Red Flag Over Paris is designed by Fred Serval, with art from Donal Hegarty, development from Jason Carr and Joe Dewherst, and solitaire mode design by Jason Carr. It is published by GMT Games. It is a 20-40 minute card-driven game for one to two players, depicting the two months of intense confrontation between the Communards and the government in Versailles during the 1871 Paris Commune. Players take control of one of those factions and battle not just for physical control of the city, but also for the hearts and minds of the population. Solitaire variants are included for both factions.
The winner of the Summit Award was determined by members of the SDHistCon Board and SDHistCon Advisory Board. The judges praised Red Flag Over Paris for its ease of teaching and play, novelty of topic, and effectiveness as a historical game.
Red Flag Over Paris was one of four Summit Award finalists announced in October following a three-month public call for nominations (sent out in Conflicts of Interest #1) that produced more than 48 submissions. Red Flag Over Paris received the highest public nominations of any candidate. The other three finalists, selected by members of the SDHistCon Board and SDHistCon Advisory Board in October, were (in alphabetical order) Atlantic Chase (designed by Jeremy White, published by GMT Games), Nicaea (designed by Amabel Holland, published by Hollandspiele Games), and No Motherland Without: North Korea In Crisis and Cold War (designed by Dan Bullock, published by Compass Games). Each of those four games was taught and demonstrated at the Nov. 11-13 San Diego Historical Games Convention. Following that, members of the SDHistCon Board and SDHistCon Advisory Board met for a final selection of the 2022 Summit Award winner.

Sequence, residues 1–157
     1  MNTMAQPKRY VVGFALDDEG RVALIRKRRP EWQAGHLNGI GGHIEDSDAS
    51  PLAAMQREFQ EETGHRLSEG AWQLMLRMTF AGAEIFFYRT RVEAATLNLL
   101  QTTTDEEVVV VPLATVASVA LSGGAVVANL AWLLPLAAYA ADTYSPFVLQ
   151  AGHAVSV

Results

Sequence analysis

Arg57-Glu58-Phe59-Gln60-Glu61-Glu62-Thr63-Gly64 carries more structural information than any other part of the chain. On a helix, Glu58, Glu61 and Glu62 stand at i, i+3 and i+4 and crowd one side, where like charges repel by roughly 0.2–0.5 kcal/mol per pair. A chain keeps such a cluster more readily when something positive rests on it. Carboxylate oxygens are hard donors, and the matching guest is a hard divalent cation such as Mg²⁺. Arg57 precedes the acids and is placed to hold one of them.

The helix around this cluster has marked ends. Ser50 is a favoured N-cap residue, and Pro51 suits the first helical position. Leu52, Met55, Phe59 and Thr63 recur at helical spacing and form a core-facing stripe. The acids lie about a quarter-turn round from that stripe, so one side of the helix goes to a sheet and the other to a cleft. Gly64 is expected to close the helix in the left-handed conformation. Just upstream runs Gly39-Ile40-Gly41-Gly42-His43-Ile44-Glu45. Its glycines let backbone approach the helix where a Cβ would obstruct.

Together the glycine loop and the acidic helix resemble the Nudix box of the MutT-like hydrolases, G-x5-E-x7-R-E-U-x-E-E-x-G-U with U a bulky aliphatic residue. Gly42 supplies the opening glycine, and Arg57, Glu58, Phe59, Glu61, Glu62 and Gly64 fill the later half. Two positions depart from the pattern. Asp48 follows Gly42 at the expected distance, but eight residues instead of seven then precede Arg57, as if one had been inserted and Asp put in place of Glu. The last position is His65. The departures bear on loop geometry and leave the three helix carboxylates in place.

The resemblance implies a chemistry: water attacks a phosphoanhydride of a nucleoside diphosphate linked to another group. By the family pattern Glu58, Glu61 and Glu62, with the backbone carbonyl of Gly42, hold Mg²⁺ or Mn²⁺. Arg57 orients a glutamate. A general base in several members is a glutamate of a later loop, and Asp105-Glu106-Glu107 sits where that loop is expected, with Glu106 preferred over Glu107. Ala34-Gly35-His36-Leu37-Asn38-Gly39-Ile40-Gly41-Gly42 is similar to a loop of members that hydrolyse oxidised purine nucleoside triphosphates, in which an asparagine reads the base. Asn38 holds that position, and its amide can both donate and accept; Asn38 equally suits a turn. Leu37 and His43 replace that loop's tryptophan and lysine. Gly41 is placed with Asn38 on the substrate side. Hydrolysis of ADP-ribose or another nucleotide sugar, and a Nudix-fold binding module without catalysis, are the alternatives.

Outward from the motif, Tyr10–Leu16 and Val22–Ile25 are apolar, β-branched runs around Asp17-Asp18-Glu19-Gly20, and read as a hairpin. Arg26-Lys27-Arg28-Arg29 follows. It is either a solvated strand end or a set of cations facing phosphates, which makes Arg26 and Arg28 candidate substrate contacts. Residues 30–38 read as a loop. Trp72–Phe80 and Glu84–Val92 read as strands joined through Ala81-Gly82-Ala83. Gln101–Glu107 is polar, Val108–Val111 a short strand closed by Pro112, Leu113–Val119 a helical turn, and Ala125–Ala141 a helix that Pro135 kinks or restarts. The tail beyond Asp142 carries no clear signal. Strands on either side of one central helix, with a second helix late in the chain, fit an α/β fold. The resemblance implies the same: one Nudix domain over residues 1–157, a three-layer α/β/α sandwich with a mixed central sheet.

The Summit Award will return in 2023, with games published in 2022 under consideration for that award. A call for public submissions will go out in the summer of 2023. More information can be found on the Summit Award page on the SDHistCon website.
I've had the pleasure of playing all of the Summit Awards finalist games and enjoyed them all. They are all unique and left me wanting to explore them more. I'm loving and appreciating the year-to-year growth of accessible and approachable historical strategy games covering less common historical settings. I'm already excited to hear about 2023's Summit Award nominees!
Fri Dec 16, 2022 7:00 am
- [+] Dice rolls
Seven Takeaways from SPIEL '22
07 Nov 2022
W. Eric MartinUnited States
Not revelations about games, mind you, as most of those are still unplayed, but rather about the event itself and goings-on in the game industry, which includes BGG itself. Here's a summary of what I'll talk about in more depth in this video: